Visual Poetics is a research group in theatre, film and related artistic media at the University of Antwerp, divided in 4 areas of research: performative, intermedial, artist's and textual poetics.
Poetics derives from "poiesis", or "active making". The poetics of an artistic medium places the artwork at the center of study and studies the finished work as the result of a process of construction. It mounts explanations how the artwork works and why under certain circumstances it came to look the way it did. It reveals, more specifically, the inextricable weaving together of representation and discourse, the imbrication of visual and verbal experience at the core of performance and cinema.
Visual poetics doesn't constitute a distinct critical school. It has no privileged semantic field, no core of procedures for interpreting, no unique rhetorical tactics. Any inquiry into the fundamental principles by which theatre and cinema are constructed, and the effects that flow from those principles, can fall within the domain of visual poetics.
A research project in visual poetics may be primarily analytical, studying particular devices across a range of works or a particular work: it takes as its object a body of conventions; observation of general tendencies with a scrutiny of particulars. Or it can be mainly historical: trying to understand how theatre and cinema assume certain forms within a period or across periods.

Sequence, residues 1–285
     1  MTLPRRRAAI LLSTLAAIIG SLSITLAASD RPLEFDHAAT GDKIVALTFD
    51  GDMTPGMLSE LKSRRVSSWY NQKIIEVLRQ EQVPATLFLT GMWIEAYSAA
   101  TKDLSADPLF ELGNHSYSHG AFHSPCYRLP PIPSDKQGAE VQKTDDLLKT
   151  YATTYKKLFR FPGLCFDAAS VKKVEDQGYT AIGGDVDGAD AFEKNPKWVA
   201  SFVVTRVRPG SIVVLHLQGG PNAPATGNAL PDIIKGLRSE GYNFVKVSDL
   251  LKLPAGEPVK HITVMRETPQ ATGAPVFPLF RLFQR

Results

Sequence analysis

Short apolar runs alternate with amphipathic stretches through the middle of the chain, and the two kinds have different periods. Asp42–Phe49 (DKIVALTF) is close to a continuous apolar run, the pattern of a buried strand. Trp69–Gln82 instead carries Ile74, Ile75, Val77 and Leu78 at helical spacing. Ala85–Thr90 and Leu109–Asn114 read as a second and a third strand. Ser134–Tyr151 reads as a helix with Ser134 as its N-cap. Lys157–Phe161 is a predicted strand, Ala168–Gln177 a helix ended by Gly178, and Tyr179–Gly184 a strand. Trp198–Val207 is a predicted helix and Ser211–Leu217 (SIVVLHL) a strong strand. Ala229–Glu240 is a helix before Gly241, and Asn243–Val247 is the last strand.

Visual poetics considers critics of visual art to be makers too, and could analyze their materials, principles, and concerns with effect both from an analytical and historical perspective. In this context the primary interest lies with "ekphrasis", or the engagement with performance and film through language.
In poetics the choices of the artist will also be correlated with some purpose ¿ the design of the work, its function or effect on the perceiver. Poetics is interested in wider cultural factors and intersubjective data, but only as they relate to the question at hand.
It doesn't neglect the influence of society, ideology, or culture on audiences or viewers, but assumes that cultural activities are mental in an important sense: learned, recalled and rethought by the embodied minds of social agents. To study intent and effect of the artwork, a mentalistic poetics is proposed, provided by what we broadly call the cognitive approach to mental life.
The primary interest is a group of vision-competencies a human being can develop by seeing and at the same time having and integrating other sensory experiences, what John Debes calls "visual literacy".
How to cite: Paulus, Tom & Vanhoutte, Kurt. "Mission Statement." Research Centre for Visual Poetics. Universiteit Antwerpen, May 2012. Web. (Date of access)